Mackay then had a spell as Walsall manager from March 1977 to August 1978. This was followed by nine years coaching in Kuwait. He returned to the UK and was appointed manager of Doncaster Rovers in 1987,[22] a year after being linked with the Scotland manager's job (which ultimately went to Andy Roxburgh).[28] Mackay's reign at Belle Vue lasted until March 1989[29] before he moved to Birmingham City, who had just been relegated to the third tier of the league for the first time in their history. His task was simple – to get Birmingham promoted to the Second Division. But he was unsuccessful in trying to achieve this and resigned in 1991. After that, he returned to the Middle East for two years managing Zamalek, a Cairo club team, with which he won the Championship in both seasons,[29] and then a further three years in Qatar before retiring from football altogether in 1997.[22]

Legacy[edit]

George Best praised Mackay as both the hardest and bravest opponent he ever faced

In 2004 The Real Mackay was published, an autobiography written with Martin Knight.[30] Mackay had previously published Soccer My Spur in the early 1960s.[31]

Mackay was made an inaugural inductee of the English Football Hall of Fame in 2002 in recognition of his impact on the English game as both a player and manager,[12] Two years later, he was an inaugural inductee of the Scottish Football Hall of Fame.[32] In 2006, he also became an inaugural inductee of the Heart of Midlothian Hall of Fame in recognition of his success as a player in the 1950s. In 2013, Mackay was one of eleven British football stars chosen by Royal Mail to feature on a set of stamps marking the 150th anniversary of The Football Association.[33]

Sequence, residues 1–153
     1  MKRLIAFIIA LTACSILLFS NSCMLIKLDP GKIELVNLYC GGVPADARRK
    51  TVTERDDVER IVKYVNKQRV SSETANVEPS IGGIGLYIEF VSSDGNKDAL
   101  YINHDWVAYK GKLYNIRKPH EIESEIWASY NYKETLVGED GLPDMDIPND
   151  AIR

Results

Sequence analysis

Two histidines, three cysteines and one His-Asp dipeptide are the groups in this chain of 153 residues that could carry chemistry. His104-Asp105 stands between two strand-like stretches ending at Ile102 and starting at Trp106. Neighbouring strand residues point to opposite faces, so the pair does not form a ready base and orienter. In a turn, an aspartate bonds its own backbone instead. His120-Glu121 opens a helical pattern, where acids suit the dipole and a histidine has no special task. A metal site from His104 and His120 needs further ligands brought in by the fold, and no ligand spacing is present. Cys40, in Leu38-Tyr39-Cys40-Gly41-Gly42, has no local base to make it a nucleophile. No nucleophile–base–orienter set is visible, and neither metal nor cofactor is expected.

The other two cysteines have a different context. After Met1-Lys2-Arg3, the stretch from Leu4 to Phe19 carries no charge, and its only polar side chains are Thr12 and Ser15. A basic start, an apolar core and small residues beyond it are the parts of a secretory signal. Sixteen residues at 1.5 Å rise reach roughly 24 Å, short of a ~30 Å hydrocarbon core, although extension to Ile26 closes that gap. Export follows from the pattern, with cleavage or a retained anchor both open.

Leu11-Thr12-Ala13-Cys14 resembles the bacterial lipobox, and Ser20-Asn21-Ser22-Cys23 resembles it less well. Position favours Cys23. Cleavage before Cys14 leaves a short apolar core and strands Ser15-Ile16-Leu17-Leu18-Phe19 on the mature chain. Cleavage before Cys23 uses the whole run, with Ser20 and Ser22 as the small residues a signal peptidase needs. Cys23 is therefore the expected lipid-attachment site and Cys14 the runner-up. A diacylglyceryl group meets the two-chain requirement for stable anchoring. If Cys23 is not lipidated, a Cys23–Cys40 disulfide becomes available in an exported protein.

Mackay appears as a character in David Peace's novel The Damned Utd, a fictionalised account of Brian Clough's time as manager of Derby County and Leeds United. In the film adaptation of the book, The Damned United, Mackay is played by Brian McCardie. Mackay successfully took legal action against the makers of the film over its inaccurate portrayal of the events surrounding Clough's departure from Derby and Mackay's appointment.[34]

George Best (1946–2005), of Manchester United, one of Tottenham's fiercest rivals in the 1960s, described Mackay as "the hardest man I have ever played against – and certainly the bravest".[35]

Mackay died on 2 March 2015 at the age of 80.[36] Heart of Midlothian stated "It is with deep regret that we have to advise of the death of Dave Mackay who was possibly the most complete midfield player that Scotland has ever produced".[37] Tottenham wrote in an obituary "Dave Mackay will certainly always be remembered here as one of our greatest ever players and a man who never failed to inspire those around him. In short, a Spurs legend".[38]

Honours[edit]

Player[edit]

Heart of Midlothian
Tottenham Hotspur
Derby County

Manager[edit]

Derby County